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December 15, 2004 ...


Sgt. Cari Anne Gasiewicz laid to rest

Sgt. Cari Anne Gasiewicz, 28, of Cheektowaga, NY, who was killed Dec. 4 in Iraq, was buried in Mount Calvary Cemetery on Dec. 13.
Sgt. Gasiewicz, was a sergeant in the Army's Military Intelligence Battalion, who spoke fluent Arabic. Just weeks before her expected return she was killed when her convoy vehicle ran over a land mine that was detonated just outside Baghdad.
Sgt. Gasiewicz had been awarded the Purple Heart, the Bronze Star and the Army Medal of Accommodation.
Her aunt and godmother, Barbara Funk, said at the eulogy Monday. "We will try to think of this as your last deployment. One more place you wish to serve, one more group of people you want to know, an additional foreign language you desire to learn. And Sgt. Cari Anne Gasiewicz, when you do master the language of the angels, and I know you will, remember to teach the rest of us."
Sgt. Gasiewicz graduated from Depew High School in 1994 and attended Canisius College for three years, before entering the military. She was an ROTC member at Canisius before enlisting.
Her basic training was at Fort Jackson, SC, before serving in Korea, attending the Defense Language Institute in Monterey, CA, and then being sent to Iraq last January. She was stationed at Fort Gordon, GA.
She worked at Abu Ghraib as a member of the Army's Military Intelligence Battalion but was not deployed to Iraq until January, after the reported instances of improper treatment from the previous fall. Gasiewicz reportedly knew five or six Arabic dialects.
Her hobbies included golfing, swimming, skydiving, hiking, mountain climbing and skiing.
Surviving are her parents, Paul F. and Kathleen M. of Cheektowaga; a brother, Paul F. II of Cheektowaga


WNED TV's feature on Polonia will air next summer

Michael Conway
WNED-TV, Western New York's public broadcasting station, has announced that it will air an hour long documentary highlighting WNY's Polish-American community this coming summer.
Entitled "Polonia: Western New York's Polish American Community," the program will focus on the history, tradition, and culture of area Polonia through vintage and original footage, historical photos, and personal recollections and experiences.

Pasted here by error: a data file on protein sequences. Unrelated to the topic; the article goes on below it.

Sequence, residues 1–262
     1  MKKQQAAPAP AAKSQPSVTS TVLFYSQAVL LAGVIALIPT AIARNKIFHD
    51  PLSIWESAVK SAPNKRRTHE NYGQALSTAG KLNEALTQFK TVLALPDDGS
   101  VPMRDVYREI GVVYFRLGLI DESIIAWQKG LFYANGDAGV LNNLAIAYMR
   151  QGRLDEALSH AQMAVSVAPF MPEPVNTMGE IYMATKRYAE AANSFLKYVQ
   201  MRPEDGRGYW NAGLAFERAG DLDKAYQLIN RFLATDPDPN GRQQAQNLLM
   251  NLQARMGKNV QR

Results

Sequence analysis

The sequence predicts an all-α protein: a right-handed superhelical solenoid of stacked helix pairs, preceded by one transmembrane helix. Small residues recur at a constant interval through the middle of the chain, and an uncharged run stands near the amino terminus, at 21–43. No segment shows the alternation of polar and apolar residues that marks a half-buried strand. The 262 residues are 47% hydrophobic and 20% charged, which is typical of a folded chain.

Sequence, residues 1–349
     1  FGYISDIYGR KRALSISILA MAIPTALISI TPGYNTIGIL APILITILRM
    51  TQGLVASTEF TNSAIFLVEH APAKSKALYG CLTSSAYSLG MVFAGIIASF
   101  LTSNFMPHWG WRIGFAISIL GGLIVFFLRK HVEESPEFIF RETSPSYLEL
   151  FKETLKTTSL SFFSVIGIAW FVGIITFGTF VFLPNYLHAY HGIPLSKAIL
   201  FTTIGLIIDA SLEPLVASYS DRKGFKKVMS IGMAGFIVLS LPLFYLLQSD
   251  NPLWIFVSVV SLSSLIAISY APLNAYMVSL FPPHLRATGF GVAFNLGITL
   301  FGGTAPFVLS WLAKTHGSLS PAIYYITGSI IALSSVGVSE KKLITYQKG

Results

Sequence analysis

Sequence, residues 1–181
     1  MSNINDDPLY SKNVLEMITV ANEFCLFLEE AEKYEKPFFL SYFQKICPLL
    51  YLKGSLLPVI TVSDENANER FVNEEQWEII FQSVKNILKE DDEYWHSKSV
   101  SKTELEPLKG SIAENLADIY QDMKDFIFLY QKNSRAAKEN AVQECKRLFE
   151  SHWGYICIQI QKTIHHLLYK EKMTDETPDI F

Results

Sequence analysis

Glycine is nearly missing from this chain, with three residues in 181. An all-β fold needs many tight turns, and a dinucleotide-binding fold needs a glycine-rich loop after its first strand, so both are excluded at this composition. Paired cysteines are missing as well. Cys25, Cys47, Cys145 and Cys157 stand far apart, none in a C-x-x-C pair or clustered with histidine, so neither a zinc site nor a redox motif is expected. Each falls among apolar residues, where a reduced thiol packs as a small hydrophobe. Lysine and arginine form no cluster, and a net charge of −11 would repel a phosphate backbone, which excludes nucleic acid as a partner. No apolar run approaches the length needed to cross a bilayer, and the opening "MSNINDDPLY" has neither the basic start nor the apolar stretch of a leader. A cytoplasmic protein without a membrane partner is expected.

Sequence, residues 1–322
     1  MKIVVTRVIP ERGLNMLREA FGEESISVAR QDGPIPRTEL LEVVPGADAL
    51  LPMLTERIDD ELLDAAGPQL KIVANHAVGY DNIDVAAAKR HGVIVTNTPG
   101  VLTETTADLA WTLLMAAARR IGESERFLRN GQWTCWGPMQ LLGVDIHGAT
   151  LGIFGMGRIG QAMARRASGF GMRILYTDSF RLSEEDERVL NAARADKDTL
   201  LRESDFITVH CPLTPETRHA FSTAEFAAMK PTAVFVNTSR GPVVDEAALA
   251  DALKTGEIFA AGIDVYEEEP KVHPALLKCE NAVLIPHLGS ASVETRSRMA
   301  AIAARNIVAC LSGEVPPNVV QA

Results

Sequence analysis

The documentary will cover events from the last two decades of the 19th century when Polish immigrants left a divided Poland seeking a new life in America, to today's annual festivities such as the Pulaski Parade and Easter celebrations.
"The more research I did, the more appreciation I had for this community that was built and the people who fight to make sure these traditions continue," said Christy May, one of the show's producers. "There's a lot to showcase the community and where it stands now."
The program will begin by examining the beginning of the influx of the area's Polish immigrants, many of whom stopped in Buffalo only for a day or two before continuing west to cities such as Chicago and Detroit. That is until a local real estate developer donated land to the diocese in hopes that a church would be built and Poles would begin to settle in the area. Within three months of the dedication of St. Stanislaus Church, 400 homes were erected in the area and with the help of Fr. Jan Pitass, it became home to a proud community where tradition and culture thrived.
The documentary will continue by exploring the religious aspect of the Polish community, the backbone of traditions and celebrations. The formation of 24 parishes to serve the Am-Pol community, parish schools, and the work of the Felician and Franciscan Sisters in founding Villa Maria College and Hilbert College, respectively, as well as other valuable organizations will be highlighted.